Ďakujeme za čítanie! Dovidenia!" 


Holy Spirit Lutheran Church in Nitra Slovakia

The relationship between Holy Spirit Lutheran Church in Nitra Slovakia and Our Saviour’s Church in Naperville, IL began in 1998 with the goal of helping a small group of faithful Christians rebuild their church after the Communists confiscated the property and destroyed the church building. These faithful few were donating funds as they were available and building the church, literally "one brick at a time". They estimated that it would take 12 years to complete. Our Saviour's committed to help and through our donations and prayers, the church was completed in two years! Holy Spirit Lutheran Church was consecrated on Sunday June 11, 2000, with a huge ecumenical event. The church has grown to over 2000 members and now are delivering a diaconal ministry to the elderly people in their town. They will soon break ground for a live-in care facility for those people.


The Center for Christian Education (CCE) in Martin Slovakia

This relationship between The Center for Christian Education (CCE) in Martin Slovakia and Our Saviour’s Church in Naperville, IL began in 1998 As well. The CCE took an education approach to restoring Christianity. They have built a full Bi-Lingual Academy spanning from pre-school through high school. The Christian education component brings children to Christ and the students then minister to their families and bring parents and siblings to Christ. The CCE now has 800 students and had the first graduation of 36 students from high school in 2018. Future plans for the school include adding special programs including a music studio, an art studio, additional labs, outdoor facilities for learning and recreation.The CCE is a top rated school in Slovakia.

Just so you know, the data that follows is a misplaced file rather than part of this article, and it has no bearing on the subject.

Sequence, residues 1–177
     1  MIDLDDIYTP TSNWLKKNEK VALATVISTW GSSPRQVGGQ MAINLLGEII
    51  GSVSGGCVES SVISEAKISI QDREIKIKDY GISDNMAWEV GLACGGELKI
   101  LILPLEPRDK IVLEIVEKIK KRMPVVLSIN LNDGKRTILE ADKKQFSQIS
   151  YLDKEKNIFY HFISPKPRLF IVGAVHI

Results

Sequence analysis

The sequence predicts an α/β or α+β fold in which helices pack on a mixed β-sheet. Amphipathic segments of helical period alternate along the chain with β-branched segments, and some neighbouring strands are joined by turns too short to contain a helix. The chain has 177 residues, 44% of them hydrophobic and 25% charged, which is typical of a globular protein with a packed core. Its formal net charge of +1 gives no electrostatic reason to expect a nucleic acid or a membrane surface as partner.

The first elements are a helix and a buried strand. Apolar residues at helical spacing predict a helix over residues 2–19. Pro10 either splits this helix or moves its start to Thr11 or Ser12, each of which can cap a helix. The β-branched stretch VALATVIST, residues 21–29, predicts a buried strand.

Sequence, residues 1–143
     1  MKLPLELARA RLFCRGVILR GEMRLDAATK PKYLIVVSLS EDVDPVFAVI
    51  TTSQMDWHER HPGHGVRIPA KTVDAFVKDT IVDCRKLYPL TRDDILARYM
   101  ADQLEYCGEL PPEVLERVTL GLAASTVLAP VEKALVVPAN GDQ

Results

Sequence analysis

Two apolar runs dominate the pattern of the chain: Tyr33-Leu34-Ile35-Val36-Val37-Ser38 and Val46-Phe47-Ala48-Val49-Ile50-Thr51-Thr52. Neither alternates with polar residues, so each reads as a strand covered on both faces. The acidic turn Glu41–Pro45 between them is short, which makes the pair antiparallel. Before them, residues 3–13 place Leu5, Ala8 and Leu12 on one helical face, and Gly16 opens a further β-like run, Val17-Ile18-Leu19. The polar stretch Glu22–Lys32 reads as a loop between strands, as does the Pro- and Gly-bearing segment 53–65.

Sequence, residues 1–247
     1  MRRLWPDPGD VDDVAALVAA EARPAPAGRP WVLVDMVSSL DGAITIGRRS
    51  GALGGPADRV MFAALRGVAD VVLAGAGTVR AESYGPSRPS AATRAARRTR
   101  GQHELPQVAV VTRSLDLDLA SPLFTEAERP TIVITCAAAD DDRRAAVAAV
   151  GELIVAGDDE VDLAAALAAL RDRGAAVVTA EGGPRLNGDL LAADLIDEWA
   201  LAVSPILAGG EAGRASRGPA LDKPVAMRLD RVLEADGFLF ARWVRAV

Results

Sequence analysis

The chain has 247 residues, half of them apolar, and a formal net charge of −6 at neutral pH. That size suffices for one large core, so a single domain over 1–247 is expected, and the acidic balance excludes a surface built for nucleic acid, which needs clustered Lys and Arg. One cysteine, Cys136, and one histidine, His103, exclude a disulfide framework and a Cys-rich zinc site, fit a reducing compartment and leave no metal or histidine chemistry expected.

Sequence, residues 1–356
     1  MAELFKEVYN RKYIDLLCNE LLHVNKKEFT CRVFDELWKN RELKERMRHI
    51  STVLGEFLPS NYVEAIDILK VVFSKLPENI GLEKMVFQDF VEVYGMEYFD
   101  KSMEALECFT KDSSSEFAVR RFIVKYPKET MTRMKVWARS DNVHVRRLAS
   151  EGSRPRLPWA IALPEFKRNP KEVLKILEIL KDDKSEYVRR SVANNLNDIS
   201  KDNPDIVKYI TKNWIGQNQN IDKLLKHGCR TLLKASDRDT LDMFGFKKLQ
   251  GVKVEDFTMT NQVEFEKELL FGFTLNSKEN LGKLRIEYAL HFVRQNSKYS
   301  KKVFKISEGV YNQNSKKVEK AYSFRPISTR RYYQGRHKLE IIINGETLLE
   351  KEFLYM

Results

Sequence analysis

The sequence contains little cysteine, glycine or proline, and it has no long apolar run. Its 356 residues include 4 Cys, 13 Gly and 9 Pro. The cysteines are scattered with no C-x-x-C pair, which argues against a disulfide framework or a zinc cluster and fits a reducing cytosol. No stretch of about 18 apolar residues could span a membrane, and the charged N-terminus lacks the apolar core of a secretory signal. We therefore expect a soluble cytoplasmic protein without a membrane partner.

The Slovakia Ministry team hosts the Slovakia Ministry Dinner each year where guests can taste traditional dishes and raise money for this important ministry. The Slovakia Ministry Committee is currently looking for additional members. 


Interested in getting involved with the Slovakia Mission? Click here.


Check out the latest Progress Report from the Center for Christian Education HERE